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Diagnosing Acid Reflux Disease

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Three out of every 10 people experience heartburn on occasion, so it can be somewhat arbitrary to decide when heartburn should be called acid reflux disease.

Also known as gastroesophageal reflux disease (GERD), acid reflux disease is a chronic irritation of the lining of a person's esophagus by stomach acid. Usually, it's just annoying. GERD can, however, have serious consequences, including esophagitis and Barrett's esophagus. Barrett's esophagus is a condition that increases the likelihood of esophageal cancer.

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Understanding Gastroesophageal Reflux Disease (GERD) -- Symptoms

Not everyone with GERD has heartburn, but the primary symptoms of GERD are heartburn, regurgitation, and an acid taste in the mouth. Heartburn usually is described as a burning pain in the middle of the chest. It may start high in the abdomen or may extend up the neck or back. Sometimes the pain may be sharp or pressure-like, rather than burning. Such pain can mimic heart pain (angina). Typically, heartburn related to GERD is seen more commonly after a meal. Other symptoms of GERD...

Read the Understanding Gastroesophageal Reflux Disease (GERD) -- Symptoms article > >

What Are the Symptoms of Acid Reflux Disease?

People with acid reflux disease often have some or all of the following symptoms:

How Is Acid Reflux Diagnosed?

If you experience classic symptoms of acid reflux disease -- chronic heartburn and regurgitation -- without any troublesome complications, it may be relatively easy for your doctor to make an acid reflux diagnosis.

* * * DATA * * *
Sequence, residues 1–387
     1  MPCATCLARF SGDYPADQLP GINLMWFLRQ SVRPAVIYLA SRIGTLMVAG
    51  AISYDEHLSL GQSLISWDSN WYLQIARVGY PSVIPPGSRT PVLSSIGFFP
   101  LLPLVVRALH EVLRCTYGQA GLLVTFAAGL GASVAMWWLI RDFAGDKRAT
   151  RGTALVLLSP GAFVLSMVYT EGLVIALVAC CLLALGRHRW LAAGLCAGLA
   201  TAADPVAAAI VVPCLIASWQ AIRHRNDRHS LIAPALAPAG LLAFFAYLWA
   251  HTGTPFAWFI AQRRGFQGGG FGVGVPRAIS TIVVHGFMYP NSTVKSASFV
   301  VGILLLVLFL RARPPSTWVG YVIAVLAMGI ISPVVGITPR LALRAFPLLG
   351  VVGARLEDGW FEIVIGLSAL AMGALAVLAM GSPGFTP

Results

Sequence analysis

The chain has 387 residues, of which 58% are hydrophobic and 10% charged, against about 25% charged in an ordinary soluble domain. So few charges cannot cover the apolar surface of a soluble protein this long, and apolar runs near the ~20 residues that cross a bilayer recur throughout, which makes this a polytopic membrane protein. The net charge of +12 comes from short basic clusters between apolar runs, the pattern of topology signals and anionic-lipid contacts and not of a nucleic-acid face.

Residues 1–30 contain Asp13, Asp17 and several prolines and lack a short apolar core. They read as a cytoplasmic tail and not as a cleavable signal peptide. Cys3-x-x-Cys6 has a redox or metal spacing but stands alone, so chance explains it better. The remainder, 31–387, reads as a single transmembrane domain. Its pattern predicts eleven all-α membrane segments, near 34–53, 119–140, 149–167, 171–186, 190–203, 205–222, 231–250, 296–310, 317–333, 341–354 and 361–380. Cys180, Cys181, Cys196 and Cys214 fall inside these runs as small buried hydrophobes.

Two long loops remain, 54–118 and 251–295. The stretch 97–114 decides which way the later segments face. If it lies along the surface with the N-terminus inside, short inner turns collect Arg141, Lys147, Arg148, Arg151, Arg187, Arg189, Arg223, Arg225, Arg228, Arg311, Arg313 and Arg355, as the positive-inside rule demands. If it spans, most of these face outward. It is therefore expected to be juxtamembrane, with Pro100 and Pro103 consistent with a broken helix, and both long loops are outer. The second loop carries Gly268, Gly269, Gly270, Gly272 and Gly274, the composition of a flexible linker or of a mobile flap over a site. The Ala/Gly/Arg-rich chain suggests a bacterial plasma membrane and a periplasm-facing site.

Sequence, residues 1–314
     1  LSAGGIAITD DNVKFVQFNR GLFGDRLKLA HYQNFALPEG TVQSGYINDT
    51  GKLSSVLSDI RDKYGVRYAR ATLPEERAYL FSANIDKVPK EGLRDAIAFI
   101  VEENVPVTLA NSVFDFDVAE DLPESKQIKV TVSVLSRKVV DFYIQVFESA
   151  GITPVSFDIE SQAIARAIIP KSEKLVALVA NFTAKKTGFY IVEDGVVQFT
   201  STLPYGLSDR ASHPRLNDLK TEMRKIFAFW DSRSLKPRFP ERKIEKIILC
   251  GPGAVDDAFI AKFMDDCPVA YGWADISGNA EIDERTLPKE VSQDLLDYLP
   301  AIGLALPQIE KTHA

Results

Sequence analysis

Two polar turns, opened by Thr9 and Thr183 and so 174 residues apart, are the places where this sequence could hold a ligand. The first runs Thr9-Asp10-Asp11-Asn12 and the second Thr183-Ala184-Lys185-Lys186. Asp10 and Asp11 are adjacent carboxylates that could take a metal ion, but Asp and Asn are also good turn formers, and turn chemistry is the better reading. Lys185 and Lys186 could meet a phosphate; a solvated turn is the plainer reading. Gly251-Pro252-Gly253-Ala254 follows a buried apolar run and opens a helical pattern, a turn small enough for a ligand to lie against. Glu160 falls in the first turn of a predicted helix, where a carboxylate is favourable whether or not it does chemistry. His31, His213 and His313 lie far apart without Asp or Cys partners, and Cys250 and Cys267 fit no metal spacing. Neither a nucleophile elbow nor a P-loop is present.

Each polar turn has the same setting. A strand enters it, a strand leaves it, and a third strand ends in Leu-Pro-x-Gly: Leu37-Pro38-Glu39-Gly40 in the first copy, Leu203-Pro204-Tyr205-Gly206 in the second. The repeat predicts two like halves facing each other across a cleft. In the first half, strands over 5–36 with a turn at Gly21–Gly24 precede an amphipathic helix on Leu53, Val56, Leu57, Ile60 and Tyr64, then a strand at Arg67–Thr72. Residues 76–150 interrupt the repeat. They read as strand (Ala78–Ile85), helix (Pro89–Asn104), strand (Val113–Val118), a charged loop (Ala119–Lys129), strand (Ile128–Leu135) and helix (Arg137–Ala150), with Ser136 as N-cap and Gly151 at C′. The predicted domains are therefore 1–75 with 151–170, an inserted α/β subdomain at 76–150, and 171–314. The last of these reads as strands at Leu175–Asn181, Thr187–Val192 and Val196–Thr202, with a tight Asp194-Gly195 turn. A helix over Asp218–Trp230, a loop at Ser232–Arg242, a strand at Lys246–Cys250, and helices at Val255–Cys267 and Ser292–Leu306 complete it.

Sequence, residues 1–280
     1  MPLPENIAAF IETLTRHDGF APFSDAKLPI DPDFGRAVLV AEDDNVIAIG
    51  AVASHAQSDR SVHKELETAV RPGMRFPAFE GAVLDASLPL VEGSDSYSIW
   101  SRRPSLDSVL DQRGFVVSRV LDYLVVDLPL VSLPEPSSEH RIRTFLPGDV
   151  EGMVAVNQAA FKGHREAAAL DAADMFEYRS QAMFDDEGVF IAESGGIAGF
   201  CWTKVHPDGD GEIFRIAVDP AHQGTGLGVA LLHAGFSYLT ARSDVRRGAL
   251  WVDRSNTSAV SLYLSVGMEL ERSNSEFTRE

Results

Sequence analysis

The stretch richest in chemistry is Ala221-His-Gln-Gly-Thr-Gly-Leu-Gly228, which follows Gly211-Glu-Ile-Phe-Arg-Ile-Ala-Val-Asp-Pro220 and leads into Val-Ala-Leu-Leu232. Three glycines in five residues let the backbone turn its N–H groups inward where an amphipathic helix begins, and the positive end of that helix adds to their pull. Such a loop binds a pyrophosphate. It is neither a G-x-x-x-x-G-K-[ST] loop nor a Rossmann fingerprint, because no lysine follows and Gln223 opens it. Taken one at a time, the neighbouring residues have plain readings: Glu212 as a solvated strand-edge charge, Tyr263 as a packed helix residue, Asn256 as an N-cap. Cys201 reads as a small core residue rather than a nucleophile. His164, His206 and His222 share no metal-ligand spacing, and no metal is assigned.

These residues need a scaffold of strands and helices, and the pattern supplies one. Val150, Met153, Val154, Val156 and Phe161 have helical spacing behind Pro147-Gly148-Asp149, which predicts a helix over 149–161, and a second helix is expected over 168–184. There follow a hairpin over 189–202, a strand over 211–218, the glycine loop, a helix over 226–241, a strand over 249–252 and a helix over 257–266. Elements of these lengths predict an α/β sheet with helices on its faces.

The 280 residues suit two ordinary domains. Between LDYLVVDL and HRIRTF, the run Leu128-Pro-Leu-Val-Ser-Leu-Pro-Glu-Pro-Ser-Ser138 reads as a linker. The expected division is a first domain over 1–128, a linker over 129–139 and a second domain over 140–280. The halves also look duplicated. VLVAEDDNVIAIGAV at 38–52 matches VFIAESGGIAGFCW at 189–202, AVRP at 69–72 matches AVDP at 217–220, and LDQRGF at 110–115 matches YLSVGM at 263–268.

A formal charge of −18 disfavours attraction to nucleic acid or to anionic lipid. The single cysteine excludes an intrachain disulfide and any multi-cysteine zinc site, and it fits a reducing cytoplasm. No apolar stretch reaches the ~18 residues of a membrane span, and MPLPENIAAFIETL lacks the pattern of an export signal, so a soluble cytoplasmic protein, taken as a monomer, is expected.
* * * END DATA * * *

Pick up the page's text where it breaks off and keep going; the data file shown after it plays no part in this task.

A few people have GERD that doesn't respond to treatment. Or they may have other concerning symptoms, such as weight loss, difficulty swallowing, anemia, or black stools. If you're one of them, you may need any of the following tests.

Diagnosing Acid Reflux With a Barium Swallow Radiograph

Your doctor may decide to use a special X-ray procedure -- the barium swallow radiograph -- to rule out any structural problems in your esophagus. In this painless acid reflux test, you will be asked to swallow a solution of barium. The barium enables doctors to take X-rays of your esophagus.

Barium swallow isn't a surefire method of diagnosing GERD. Only one out of every three people with GERD has esophageal changes that are visible on X-rays.

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